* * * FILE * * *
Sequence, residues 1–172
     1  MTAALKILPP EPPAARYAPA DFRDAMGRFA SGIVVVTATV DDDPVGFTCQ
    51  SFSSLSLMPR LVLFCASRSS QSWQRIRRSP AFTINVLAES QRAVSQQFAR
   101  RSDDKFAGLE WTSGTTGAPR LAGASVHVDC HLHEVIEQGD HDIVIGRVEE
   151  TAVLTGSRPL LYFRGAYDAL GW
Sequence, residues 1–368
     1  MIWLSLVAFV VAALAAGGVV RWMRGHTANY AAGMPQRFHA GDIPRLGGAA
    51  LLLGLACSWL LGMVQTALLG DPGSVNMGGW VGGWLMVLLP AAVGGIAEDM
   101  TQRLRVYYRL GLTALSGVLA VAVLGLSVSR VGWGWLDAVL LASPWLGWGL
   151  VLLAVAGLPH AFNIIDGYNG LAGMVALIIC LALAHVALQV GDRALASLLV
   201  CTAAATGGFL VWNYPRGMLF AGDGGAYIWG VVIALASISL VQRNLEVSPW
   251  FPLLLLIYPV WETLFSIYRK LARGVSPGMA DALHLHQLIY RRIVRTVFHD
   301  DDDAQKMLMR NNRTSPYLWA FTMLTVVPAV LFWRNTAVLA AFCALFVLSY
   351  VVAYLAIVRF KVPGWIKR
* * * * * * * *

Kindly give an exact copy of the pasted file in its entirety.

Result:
Sequence, residues 1–172
     1  MTAALKILPP EPPAARYAPA DFRDAMGRFA SGIVVVTATV DDDPVGFTCQ
    51  SFSSLSLMPR LVLFCASRSS QSWQRIRRSP AFTINVLAES QRAVSQQFAR
   101  RSDDKFAGLE WTSGTTGAPR LAGASVHVDC HLHEVIEQGD HDIVIGRVEE
   151  TAVLTGSRPL LYFRGAYDAL GW
Sequence, residues 1–368
     1  MIWLSLVAFV VAALAAGGVV RWMRGHTANY AAGMPQRFHA GDIPRLGGAA
    51  LLLGLACSWL LGMVQTALLG DPGSVNMGGW VGGWLMVLLP AAVGGIAEDM
   101  TQRLRVYYRL GLTALSGVLA VAVLGLSVSR VGWGWLDAVL LASPWLGWGL
   151  VLLAVAGLPH AFNIIDGYNG LAGMVALIIC LALAHVALQV GDRALASLLV
   201  CTAAATGGFL VWNYPRGMLF AGDGGAYIWG VVIALASISL VQRNLEVSPW
   251  FPLLLLIYPV WETLFSIYRK LARGVSPGMA DALHLHQLIY RRIVRTVFHD
   301  DDDAQKMLMR NNRTSPYLWA FTMLTVVPAV LFWRNTAVLA AFCALFVLSY
   351  VVAYLAIVRF KVPGWIKR